Five years ago yesterday, the home mortgage market was melting down, and as hundreds of thousands of people per month were being laid off from their jobs thanks to a recession the financial sector caused and created, Rick Santelli went on MSNBC (you know, NBC, the liberal network, where the Tea Party was born) and said:
Why don’t you put up a website to have people vote on the Internet as a referendum to see if we really want to subsidize the losers’ mortgages, or would we like to at least buy cars and buy houses in foreclosure and give them to people that might have a chance to actually prosper down the road and reward people that could carry the water instead of drink the water.”
Santelli Continued, “We’re thinking of having a tea party”. And with those magical words, the Tea Party was born.
As Wonkette points out, no matter that it was started on NBC’s business channel by a hard-right corporatist Republican like Santelli, and not as some populist uprising, and no worry that it was started in a response to helping distressed homeowners during the worst economic downturn in generations, this movement was about regular people rising up against a tyrannical regime!
But more important, on this, the fifth birthday of the Tea Party, is the actual results the they have gotten in congress and at the polls. There is no doubt, those Tea Party Republicans elected in 2010 and ’12 have held much sway in Washington, pushing the discourse much further to the right than even the most cynical liberals would have expected. Tea Partiers like Rand Paul and Ted Cruz have catapulted themselves from obscurity to the precipice of a Presidential run.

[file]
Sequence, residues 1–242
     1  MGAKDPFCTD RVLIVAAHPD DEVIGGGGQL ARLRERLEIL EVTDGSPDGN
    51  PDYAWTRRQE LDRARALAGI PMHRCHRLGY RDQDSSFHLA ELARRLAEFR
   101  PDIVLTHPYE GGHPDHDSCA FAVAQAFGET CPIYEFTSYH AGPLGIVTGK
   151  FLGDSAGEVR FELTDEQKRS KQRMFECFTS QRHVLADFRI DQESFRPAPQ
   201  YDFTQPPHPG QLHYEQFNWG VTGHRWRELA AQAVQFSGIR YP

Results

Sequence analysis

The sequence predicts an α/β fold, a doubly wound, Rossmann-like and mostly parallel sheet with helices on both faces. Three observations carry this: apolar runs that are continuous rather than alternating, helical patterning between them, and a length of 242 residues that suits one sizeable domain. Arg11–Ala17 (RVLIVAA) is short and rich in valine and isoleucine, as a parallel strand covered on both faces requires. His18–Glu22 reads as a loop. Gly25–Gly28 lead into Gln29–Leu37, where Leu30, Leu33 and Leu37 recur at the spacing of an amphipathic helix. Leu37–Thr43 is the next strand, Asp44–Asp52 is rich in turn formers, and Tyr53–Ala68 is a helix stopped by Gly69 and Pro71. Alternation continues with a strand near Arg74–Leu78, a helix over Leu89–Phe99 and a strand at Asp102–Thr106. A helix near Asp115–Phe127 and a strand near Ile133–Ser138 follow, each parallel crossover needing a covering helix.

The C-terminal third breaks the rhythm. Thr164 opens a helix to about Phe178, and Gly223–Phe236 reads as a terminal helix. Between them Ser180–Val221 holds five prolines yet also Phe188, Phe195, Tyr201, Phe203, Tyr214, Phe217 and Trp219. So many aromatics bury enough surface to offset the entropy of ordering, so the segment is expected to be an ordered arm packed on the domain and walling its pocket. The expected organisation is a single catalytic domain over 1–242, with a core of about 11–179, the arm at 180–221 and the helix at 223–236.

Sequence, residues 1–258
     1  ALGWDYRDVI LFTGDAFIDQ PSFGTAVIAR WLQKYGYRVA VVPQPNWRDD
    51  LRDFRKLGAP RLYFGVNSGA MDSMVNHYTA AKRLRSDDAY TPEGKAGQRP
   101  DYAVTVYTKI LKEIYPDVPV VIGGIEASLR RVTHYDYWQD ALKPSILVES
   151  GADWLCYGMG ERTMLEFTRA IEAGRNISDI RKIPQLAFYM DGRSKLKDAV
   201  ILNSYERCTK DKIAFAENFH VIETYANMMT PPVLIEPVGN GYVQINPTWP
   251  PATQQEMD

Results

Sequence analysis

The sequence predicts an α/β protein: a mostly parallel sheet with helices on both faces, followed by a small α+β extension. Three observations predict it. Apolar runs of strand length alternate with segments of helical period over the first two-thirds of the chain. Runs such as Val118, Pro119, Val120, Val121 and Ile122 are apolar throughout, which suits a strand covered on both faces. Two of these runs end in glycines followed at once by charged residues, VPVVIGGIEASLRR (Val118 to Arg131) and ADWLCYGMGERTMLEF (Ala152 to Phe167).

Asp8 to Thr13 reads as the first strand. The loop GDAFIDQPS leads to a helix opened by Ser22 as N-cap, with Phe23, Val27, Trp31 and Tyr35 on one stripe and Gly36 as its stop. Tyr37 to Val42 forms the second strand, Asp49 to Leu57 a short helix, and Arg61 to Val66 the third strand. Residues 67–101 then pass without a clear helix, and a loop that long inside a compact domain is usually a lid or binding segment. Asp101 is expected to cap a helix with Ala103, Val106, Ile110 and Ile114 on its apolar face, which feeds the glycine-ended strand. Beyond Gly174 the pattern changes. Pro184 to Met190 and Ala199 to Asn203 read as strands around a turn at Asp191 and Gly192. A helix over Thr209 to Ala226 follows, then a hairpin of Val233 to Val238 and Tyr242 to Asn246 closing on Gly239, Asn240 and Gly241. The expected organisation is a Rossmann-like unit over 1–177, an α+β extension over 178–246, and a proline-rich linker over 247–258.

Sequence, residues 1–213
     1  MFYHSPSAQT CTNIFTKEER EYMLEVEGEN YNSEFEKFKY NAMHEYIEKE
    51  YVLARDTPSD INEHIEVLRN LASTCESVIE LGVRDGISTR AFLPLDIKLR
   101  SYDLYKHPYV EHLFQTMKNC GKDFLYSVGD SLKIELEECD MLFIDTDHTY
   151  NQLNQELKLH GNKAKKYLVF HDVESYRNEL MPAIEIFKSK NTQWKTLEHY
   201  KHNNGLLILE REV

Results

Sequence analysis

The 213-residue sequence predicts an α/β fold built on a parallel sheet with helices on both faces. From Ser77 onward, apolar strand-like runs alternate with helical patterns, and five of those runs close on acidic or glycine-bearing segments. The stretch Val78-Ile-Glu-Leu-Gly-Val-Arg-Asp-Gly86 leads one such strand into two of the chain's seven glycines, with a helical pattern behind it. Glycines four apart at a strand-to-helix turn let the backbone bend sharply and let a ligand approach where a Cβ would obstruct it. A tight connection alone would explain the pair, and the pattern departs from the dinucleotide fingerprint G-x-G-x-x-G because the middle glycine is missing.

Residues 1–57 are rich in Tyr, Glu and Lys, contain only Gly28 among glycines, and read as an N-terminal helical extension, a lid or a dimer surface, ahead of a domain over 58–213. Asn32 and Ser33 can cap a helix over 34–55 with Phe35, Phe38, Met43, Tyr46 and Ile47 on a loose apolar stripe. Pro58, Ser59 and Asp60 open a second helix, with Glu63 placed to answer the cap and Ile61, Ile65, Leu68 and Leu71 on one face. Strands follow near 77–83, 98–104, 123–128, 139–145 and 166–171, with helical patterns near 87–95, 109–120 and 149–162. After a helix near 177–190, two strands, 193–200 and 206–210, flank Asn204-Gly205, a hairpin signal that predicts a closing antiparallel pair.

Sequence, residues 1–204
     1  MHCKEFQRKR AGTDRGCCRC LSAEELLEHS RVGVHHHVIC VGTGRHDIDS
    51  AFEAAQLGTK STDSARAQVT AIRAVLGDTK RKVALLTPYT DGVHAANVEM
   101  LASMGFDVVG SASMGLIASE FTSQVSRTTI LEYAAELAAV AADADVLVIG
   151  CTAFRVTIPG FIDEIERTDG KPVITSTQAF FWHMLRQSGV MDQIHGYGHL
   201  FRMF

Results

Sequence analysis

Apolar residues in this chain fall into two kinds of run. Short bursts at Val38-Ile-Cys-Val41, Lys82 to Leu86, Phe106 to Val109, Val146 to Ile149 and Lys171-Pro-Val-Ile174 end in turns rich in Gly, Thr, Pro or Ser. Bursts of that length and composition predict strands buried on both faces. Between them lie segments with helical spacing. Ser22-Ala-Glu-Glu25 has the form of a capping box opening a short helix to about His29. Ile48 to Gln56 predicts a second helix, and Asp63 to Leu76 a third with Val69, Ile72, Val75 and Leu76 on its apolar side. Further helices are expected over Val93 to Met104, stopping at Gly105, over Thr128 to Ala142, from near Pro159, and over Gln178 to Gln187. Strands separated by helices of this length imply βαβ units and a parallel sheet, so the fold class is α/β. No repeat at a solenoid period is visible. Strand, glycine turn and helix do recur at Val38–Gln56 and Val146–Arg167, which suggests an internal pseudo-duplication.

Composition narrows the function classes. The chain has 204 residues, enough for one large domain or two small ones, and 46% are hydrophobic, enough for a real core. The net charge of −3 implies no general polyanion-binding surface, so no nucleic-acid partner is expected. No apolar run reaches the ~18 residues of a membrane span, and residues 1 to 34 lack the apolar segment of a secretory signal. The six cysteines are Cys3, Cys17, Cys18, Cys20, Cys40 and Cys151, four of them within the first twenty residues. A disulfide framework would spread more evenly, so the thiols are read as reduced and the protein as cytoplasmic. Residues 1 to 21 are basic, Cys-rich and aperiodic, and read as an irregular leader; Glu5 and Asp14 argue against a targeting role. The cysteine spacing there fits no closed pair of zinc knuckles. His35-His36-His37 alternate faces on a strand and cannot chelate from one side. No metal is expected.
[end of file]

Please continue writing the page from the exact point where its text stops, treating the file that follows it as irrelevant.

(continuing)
But when it came to elections, especially in the Senate, the Tea Party has made possibly its biggest mark, and not in a good way. In states like Alaska, Colorado, Delaware, Florida, Nevada, New York, South Carolina, and Utah, Tea Party fueled candidates with far-out views, that ultimately proved to be too extreme for the general elections, lost each of these races to Democrats who would not have otherwise won.
Currently, the Democrats hold the Senate with an advantage of 54 to 45, with one Independent in Maine’s Angus King, who regularly votes with the majority. It is not a stretch to say that, save for Alaska, where Lisa Murkowski (R) was able to overcome the Tea Party candidate who defeated her in the primary and return to the Senate, if more moderate Republicans had won those seven Republican primaries, the GOP would hold a majority in the Senate today.
With that leverage, they would have been able to continually send bills to President Obama’s desk, that he would then be forced to either veto or sign, putting Democrats in a very difficult position going into this year’s election and the 2016 Presidential. In this counter-factual, it is even possible that, had Republicans been able to use the structural advantage of a unified legislative branch against President Obama, they would have been able to beat his popularity down enough to give Mitt Romey the Presidency in 2012, and unified Republican control of the law-making branches.
Instead, we have a divided government, with Democratic control of the senate and Presidency, a massively unpopular Republican party that is seen as reactionary and atavistic by the vast majority of the American people, and a leading Democratic contender for the Presidency that is crushing all potential rivals in hypothetical 2016 match ups.
So, Tea Party, on this your fifth birthday, I salute you. Please, please, whatever you do, don’t stop being you, and don’t stop refusing to compromise on your ideals. It’s working out so well!